Thermal Management Of Outside Plant Telecommunication Cabinets: Design And CFD Modeling Methodology
Iqbal Mariam, Feroz Ahamed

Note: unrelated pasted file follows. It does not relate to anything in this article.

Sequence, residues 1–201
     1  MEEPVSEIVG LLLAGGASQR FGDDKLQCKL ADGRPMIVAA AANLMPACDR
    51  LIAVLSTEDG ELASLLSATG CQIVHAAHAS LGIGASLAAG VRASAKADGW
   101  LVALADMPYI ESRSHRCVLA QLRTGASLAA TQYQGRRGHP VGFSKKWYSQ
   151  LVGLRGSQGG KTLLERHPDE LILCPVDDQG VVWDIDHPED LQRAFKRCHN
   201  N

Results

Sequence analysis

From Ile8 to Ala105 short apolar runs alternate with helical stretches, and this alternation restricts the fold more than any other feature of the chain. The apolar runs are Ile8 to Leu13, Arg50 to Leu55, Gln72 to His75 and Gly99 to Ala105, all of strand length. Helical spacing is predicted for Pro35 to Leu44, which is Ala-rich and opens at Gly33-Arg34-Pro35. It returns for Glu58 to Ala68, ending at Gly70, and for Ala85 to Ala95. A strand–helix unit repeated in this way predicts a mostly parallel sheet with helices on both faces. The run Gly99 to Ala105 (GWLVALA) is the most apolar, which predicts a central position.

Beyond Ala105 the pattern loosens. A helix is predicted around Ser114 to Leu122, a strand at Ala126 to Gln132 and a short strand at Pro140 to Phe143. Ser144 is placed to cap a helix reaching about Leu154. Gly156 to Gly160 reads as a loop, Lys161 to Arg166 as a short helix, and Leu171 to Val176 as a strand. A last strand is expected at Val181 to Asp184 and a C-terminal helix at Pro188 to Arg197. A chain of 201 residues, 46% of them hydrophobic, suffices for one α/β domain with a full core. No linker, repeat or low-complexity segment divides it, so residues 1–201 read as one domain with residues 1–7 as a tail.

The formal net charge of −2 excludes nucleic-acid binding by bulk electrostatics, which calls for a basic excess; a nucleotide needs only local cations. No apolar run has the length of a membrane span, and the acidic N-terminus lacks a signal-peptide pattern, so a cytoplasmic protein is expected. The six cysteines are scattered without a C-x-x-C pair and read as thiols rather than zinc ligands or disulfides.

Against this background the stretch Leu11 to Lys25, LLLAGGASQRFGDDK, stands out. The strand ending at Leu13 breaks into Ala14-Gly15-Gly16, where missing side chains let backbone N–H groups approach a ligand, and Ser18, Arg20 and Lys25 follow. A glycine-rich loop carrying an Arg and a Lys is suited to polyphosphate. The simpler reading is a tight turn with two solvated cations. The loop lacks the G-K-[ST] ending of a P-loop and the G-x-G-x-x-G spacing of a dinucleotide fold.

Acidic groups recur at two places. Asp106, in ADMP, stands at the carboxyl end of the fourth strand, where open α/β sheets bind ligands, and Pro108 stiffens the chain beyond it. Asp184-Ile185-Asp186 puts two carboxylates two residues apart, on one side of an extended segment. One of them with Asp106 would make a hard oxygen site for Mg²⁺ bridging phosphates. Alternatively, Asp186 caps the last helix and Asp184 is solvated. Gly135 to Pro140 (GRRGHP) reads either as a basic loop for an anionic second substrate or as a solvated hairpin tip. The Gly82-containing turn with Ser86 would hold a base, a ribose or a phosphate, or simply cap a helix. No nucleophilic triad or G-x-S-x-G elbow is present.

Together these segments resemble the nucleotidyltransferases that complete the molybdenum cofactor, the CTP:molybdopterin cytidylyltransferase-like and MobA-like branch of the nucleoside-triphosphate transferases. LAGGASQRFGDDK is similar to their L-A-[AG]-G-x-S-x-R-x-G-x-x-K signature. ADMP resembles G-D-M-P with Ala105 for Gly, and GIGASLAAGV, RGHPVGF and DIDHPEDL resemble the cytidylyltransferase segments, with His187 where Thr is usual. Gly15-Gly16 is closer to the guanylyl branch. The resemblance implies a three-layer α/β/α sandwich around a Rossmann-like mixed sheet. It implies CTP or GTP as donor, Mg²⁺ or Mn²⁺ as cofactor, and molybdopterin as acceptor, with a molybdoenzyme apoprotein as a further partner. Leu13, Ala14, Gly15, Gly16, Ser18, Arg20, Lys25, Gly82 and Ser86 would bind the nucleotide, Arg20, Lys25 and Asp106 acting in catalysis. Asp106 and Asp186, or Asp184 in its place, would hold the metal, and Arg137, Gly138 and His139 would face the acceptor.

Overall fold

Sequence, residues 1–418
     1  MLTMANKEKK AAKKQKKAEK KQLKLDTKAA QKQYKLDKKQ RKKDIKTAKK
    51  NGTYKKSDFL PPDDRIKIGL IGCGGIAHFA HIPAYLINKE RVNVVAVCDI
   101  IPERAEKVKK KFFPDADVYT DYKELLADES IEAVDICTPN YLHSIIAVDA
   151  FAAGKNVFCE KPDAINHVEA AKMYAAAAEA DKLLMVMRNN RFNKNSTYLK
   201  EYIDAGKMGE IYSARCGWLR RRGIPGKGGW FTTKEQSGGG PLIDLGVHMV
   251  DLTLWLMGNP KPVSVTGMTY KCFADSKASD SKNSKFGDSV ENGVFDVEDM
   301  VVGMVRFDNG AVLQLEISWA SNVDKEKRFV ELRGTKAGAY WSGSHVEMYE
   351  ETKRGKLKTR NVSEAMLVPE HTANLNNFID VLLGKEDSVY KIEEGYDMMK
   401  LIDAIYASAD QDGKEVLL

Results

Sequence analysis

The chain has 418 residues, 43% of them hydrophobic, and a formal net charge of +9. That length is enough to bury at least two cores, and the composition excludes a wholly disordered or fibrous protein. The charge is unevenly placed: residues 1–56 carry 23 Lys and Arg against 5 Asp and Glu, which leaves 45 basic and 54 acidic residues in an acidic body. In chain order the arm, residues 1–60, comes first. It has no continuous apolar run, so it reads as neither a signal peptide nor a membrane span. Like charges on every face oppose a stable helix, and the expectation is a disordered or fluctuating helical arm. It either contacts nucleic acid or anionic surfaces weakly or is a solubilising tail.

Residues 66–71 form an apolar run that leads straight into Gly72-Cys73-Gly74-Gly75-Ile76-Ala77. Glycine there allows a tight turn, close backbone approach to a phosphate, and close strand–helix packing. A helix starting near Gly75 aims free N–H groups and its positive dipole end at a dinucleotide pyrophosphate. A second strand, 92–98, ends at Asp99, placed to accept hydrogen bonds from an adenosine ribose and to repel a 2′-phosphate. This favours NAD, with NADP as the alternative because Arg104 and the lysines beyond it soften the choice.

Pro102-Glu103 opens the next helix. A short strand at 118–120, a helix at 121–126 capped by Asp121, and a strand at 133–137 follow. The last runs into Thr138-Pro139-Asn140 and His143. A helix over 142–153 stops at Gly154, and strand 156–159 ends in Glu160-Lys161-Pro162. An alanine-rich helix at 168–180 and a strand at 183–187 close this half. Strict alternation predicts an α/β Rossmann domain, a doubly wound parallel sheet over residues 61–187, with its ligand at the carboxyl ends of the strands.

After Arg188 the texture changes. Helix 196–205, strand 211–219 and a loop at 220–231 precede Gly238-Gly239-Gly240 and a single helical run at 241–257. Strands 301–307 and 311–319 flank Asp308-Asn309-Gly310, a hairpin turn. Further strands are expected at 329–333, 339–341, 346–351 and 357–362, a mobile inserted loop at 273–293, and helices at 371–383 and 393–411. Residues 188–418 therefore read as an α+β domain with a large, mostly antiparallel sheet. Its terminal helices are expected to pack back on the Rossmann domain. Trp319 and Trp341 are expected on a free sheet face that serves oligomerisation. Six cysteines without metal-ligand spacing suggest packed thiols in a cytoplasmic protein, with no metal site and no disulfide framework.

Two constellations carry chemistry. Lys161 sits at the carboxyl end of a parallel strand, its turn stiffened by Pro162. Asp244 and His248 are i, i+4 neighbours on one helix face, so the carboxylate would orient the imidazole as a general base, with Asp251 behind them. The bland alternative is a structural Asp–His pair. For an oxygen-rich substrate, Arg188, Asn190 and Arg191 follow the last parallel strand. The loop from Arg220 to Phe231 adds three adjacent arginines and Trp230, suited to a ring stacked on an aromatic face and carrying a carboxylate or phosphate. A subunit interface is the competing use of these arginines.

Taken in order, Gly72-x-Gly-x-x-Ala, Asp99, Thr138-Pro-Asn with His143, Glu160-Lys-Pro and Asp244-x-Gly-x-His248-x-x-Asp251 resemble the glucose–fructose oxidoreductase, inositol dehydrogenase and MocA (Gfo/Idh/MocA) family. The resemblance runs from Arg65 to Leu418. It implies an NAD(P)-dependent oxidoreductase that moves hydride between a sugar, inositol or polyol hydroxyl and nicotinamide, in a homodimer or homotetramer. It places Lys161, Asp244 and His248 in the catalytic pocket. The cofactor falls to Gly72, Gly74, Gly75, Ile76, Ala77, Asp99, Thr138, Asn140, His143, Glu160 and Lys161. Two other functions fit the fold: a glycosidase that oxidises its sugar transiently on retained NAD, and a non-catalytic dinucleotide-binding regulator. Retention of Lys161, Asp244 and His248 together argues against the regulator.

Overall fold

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Over the years there has been a steady increase in the number of transistors being packed into the same footprint of a die, which has led to an increase in the power densities of electronics. The thermal management of electronic equipment therefore is becoming an integral part of packaging design. Access networks provide the last mile of connectivity for the telecommunication network users. In the access network, the outside plant telecommunication cabinets houses electronic components and switching devices. These cabinets are standalone outdoor cabinets and many a times they are located in hostile environments. Therefore, it is necessary that these cabinets provide environmental protection and thermal management for the electronics housed in it. The first part of the thesis deals with the design and thermal analysis of air-cooled high powered telecommunication cabinets. Commercial CFD code has been used to design and compare various cabinet configurations. This has enabled in reducing the unnecessary construction of cabinet prototypes and elaborate experimental tests, resulting in cost savings and reduction in lead time. The electronics in these cabinets are powered by DC current and have backup batteries to support them in the event of a power failure. The life of a battery is dependent on the nature of the load applied, recharging conditions and most importantly ambient temperatures. Based on the location and time of day, the ambient temperature can be anywhere between -40°C to 50°C. But for long standing battery life, the temperature inside the battery compartment should be maintained at 25°C. Active cooling using air-conditioners are often used to achieve this, but air-conditioners are difficult to backup and are high in maintenance. A more convenient way to cool the battery compartments are to use Thermo-electric Coolers (TEC), as they are compact and quite in operation. The second part of the thesis explains a modeling methodology to develop a TEC air-to-air heat exchanger that is used in the thermal management of the battery compartments. The numerical results thus obtained are validated with experimental results, and the validated model is further used to try out various test scenarios for the telecommunication cabinet.